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The Toy Every Consultant Cannot Live Without [REPOST]

About a year and half ago, I heard rumors of a little piece of hardware that could make life on the road a lot better. The idea seemed not only novel, but incredibly practical and relevant to my life. Although comparatively expensive for an unknown piece of equipment, I decided to take the risk and see if this device could live up to all of its promises and my dreams.

Here it is, a year and half later, and I have to say it has done that, and then some!

The device is called a Slingbox, and it is put out by a small company called Sling Media. Far be it from me to turn this monthly installment of your reading pleasure into an advertisement, but I would be remiss not to share my good fortune with my fellow consultants and co-workers.

Here is the skinny: the Slingbox attaches to your cable/satellite/DVR/VCR/HD/Etc receiver at home, gets plugged in to your home network, and then can be watched anywhere over the internet. For instance, if there is a Red Sox game going on on NESN and I happen to be in Seattle, WA, I can switch on my Slingbox software on my notebook and get immediately connected to my content at home.

Now the speed of that connection is highly dependent on both the upload speed of your network; the quality of the connection at your location (and many of our clients block the ports Slingbox uses, but you should not be watching the game at work anyway); and the amount of network bandwidth available. On my home network, I have seen speeds as high as 4,000 kbs over the wireless connection while sitting out on the patio fifty feet away. On the other hand, in my hotel in Greensboro, NC, speeds were routinely at 200 kbs. Anything below 100 kbs and the choppiness of the signal is not worth trying to play around with. But even at 300 kbs the signal is strong enough to go hours without getting a single frame skip. In my current hotel in Sterling, VA, my speeds vary from 250 kbs to 1,000 kbs.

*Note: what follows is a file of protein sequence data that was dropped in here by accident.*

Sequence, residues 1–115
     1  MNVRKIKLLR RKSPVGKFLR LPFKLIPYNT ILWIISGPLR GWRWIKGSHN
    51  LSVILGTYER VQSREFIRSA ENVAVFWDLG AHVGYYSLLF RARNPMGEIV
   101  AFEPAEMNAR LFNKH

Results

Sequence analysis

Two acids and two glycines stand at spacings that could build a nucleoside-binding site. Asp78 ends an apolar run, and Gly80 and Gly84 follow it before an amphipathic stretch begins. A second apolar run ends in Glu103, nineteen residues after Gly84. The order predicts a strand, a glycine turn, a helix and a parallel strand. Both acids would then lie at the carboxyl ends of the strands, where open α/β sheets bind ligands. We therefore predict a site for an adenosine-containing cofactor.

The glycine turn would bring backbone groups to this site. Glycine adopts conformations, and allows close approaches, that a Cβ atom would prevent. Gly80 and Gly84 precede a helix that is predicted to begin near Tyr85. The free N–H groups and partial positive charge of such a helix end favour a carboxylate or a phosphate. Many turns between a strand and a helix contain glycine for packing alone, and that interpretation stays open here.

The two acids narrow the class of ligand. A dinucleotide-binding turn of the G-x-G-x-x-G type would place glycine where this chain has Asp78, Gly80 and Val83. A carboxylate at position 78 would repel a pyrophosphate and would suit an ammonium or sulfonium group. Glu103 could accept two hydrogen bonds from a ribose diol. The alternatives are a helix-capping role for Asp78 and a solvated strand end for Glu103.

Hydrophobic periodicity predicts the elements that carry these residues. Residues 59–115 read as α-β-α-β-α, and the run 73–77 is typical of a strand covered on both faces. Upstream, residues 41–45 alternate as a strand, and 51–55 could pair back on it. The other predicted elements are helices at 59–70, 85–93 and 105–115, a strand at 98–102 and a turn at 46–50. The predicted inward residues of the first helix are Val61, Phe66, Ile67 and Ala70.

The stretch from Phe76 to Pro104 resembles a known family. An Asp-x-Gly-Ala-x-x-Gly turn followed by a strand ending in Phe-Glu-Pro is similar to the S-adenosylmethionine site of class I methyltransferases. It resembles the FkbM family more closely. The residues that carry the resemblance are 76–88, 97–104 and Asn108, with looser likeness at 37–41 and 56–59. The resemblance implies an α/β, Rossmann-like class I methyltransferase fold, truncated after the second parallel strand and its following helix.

Sling Media, to their credit, is continually striving hard to upgrade the decoding software on your notebook and the firmware on the device itself. That said, they do not have to do this. There is no monthly fee for the Slingbox—it is just the one-time fee to purchase the item and that is it. Sling Media has shown great care to continuing to improve the product, though, as their employees are regular users as well.

Not only can you watch live TV, but you can also work with recorded content. I have a DirecTV with Tivo at home and mostly watch my pre-recorded content. The Slingbox not only can control television channels, but can control all of the Tivo functions as well. That means I can watch everything sitting on my Tivo or set up new programs to record. Honestly, how many times can you watch that same episode of Aqua Teen Hunger Force on Cartoon Network at midnight after a long day’s work? Wouldn’t you rather watch something personal to you?

There are many caveats and add-ons you can work with to make your Sling experience (Sling-perience) better. For instance, I prefer to not watch the Slingbox on my notebook and would rather watch it on a real television screen. If you have a computer with an S-Video output, you can easily transfer your computer screen signal to a television. If the TV does not have an S-Video input and only and RCA, you can get a $10 converter at RadioShack. If your computer does not have an S-Video output, you can get a monitor output to S-Video/RCA converter at RadioShack for $100. This is what I have for on the road.